2,000 POSTS DONE!, so I am posting less frequently, but will still be adding news, comments and photos.. As archived, its a ramble through my movie watching, music and old magazine store and discussing People We Like [Loren, Monroe, Vitti, Romy Schneider, Lee Remick, Kay Kendall, Anouk & Dirk Bogarde, Delon, Belmondo, Jean Sorel, Belinda Lee; + Antonioni, Hitchcock, Wilder, Minnelli, Cukor, Joni Mitchell, David Hockney etc]. As Pauline Kael wrote: "Art, Trash and the Movies"!
Dedications: My four late friends Rory, Stan, Bryan, Jeff - shine on you crazy diamonds, they would have blogged too. Then theres Garry from Brisbane, Franco in Milan, Mike now in S.F. / my '60s-'80s gang: Ned & Joseph in Ireland; in England: Frank, Des, Guy, Clive, Joe & Joe, Ian, Ivan, Nick, David, Les, Stewart, the 3 Michaels / Catriona, Sally, Monica, Jean, Ella, Anne, Candie / and now: Daryl in N.Y., Jerry, John, Colin, Martin and Donal.
Thursday, 16 April 2015
Thats a double bill!: Barbarella and American Gigolo
For those who saw them initially, or over the years, AMERICAN GIGOLO and BARBARELLA are the height of fashion and glamour and define the 1960s and the 1980s. So, as they were both on Sky Movies the same day (saves getting the dvds out...) let head off once again in Barbarella's space ship and enjoy the lush life as we cruise along with Richard as that Giorgio Moroder soundtrack sets the mood ...
The initial poster we liked
After experiencing Scorsese's TAXI DRIVER last week, scripted by Paul Schrader, now its back to his 1980 breakthrough movie AMERICAN GIGOLO which for me kickstarted the 1980s. I could rhapsodize about this for hours, and have, as per previous posts - see American Gigolo label. Here though is David Thompson from his huge tome: "Have You Seen..."
"Paul Schrader directs from his own script and puts his every
love and desire into the picture, so it thrills to the pulse of disco music,
voyeuristic sex, Robert Bresson, the LA light, the Polo Lounge at the Beverly
Hills Hotel, driving on the freeway in a convertible, the “privacy” of Palm
Springs, and the infinite blossom of corruption in Southern California. It is
often like an advertisement (shot with exquisite taste by John Bailey), and it
delights in streamlining moderne-ism and the sultry swish of the passing
moment. The whole thing is poised on an edge where collapse or public mirth are
equal possibilities, yet it survives and brings its fatuous Sirkian plot to a
lovely finale. Within the delirium of cliches and pretension, something
absolutely true strides forward, personified by Gere’s lounging walk and his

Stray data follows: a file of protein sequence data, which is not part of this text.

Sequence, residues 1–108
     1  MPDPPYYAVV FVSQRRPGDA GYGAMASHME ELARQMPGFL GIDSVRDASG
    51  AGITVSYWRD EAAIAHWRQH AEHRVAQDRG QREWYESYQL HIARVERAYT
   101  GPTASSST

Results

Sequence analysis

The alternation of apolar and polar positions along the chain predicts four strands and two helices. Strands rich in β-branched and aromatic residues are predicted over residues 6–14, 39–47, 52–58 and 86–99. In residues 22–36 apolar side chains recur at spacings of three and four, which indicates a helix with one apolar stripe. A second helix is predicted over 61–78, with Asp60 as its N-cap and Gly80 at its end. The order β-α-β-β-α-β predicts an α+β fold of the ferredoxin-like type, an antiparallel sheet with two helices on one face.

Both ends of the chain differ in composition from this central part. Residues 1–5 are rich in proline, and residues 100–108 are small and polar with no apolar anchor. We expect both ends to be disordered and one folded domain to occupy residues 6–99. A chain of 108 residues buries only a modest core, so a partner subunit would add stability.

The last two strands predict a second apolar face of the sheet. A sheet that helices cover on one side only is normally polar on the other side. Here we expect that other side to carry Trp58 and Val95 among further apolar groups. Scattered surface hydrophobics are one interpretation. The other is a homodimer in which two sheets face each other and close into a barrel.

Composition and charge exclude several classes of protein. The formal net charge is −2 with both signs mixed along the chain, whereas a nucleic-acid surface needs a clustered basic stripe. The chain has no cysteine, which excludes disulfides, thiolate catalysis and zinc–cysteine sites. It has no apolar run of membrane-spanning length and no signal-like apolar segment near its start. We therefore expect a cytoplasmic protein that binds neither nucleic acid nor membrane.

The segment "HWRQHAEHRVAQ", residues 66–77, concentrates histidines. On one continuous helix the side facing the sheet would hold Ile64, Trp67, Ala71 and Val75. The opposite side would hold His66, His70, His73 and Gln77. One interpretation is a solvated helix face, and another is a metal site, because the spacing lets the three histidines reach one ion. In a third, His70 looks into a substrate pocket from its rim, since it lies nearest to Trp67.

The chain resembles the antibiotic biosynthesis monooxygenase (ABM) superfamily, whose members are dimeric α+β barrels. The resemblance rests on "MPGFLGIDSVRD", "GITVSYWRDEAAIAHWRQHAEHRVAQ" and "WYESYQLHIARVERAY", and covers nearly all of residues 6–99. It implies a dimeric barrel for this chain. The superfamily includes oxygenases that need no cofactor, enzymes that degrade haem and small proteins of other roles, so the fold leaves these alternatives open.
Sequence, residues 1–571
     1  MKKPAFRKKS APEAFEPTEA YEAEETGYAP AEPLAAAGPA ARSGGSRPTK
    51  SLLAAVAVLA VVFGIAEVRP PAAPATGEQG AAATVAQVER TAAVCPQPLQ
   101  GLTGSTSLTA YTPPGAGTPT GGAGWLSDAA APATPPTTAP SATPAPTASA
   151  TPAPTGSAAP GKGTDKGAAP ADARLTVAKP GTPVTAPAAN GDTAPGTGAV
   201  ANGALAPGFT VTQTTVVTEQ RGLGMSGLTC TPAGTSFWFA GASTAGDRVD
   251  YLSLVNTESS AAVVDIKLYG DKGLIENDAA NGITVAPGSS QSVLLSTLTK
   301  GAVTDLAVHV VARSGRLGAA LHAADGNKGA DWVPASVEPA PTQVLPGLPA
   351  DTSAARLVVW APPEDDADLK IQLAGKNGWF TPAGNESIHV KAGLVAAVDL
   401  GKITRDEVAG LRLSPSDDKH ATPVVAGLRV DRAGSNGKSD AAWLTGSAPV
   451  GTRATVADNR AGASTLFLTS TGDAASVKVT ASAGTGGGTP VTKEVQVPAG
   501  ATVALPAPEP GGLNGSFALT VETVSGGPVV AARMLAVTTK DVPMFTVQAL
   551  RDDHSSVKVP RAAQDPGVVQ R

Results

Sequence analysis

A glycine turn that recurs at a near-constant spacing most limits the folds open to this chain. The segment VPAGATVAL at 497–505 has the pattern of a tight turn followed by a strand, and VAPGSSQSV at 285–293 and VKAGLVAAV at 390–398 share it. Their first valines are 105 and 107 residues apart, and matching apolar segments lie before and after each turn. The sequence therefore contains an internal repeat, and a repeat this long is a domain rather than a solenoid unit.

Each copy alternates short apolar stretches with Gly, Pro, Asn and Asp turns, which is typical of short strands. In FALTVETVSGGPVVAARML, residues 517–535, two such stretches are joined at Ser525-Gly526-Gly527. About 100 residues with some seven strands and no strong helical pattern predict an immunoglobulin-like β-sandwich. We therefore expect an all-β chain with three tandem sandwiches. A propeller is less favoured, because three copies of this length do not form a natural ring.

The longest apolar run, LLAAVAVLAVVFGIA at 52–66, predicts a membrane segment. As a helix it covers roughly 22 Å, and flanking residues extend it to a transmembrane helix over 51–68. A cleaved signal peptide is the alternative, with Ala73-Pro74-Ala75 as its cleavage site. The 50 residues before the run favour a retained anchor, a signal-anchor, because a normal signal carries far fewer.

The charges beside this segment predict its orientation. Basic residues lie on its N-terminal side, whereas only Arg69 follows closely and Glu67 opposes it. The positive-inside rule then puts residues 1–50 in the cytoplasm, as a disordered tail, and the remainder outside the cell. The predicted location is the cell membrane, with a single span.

shameless attitudinizing. This was a new kind of riveting trash. If you want to
know about American in 1980, then go to American Gigolo and Raging
Looking at it this time, I was riveted by Lauren Hutton - Gere is so extraordinary here that one initially tends to overlook her, but she is the complex heart of the film and delivers exactly what is required. Whether its Gere's Julian in THAT apartment, or laying out his Armani clothes to that perfect Smokey Robinson track, or Moroder's soundtrack (I had it on vinyl and cd) pounding as he drives to Palm Springs, or "Love and Passion" by Cheryl Barnes as he enters the gay disco ---- Scharader's Calvinist upbringing makes this seem like a circle of hell - it is all a perfect re-working of Bresson's PICKPOCKET as Julian has to turn on himself and wreck his apartment to find those stolen jewels ... and then that moment of redemption. Schrader continued his obsessions with that remake of CAT PEOPLE in 1982 another glossy sexy exercise, as per my review, Schrader label. As much as I like Gere here, after Malick's DAYS OF HEAVEN and Schlesigner's YANKS, I had no desire to see him in most of his following films. This is what I said a while back: He is so central to the movie, like how Antonioni
idealised David Hemmings in BLOW-UP.
BARBARELLA, 1968, by contrast is a dated, throwaway comic strip but not without its own amusements, a key 60s movie certainly, with some great sequences and imagery, not least David Hemmings as the revolutionary, John Philip Law as the blind, blond angel Pygar, Milo O'Shea as Duran Duran, those dolls with the teeth - and Anita Pallenberg's evil Queen with designs on our heroine and who is surely voiced by the unique Joan Greenwood, and of course Jane's wide-eyed innocent in and out of those amazing costumes. A lot of fun all-round then, almost as good as MODESTY BLAISE!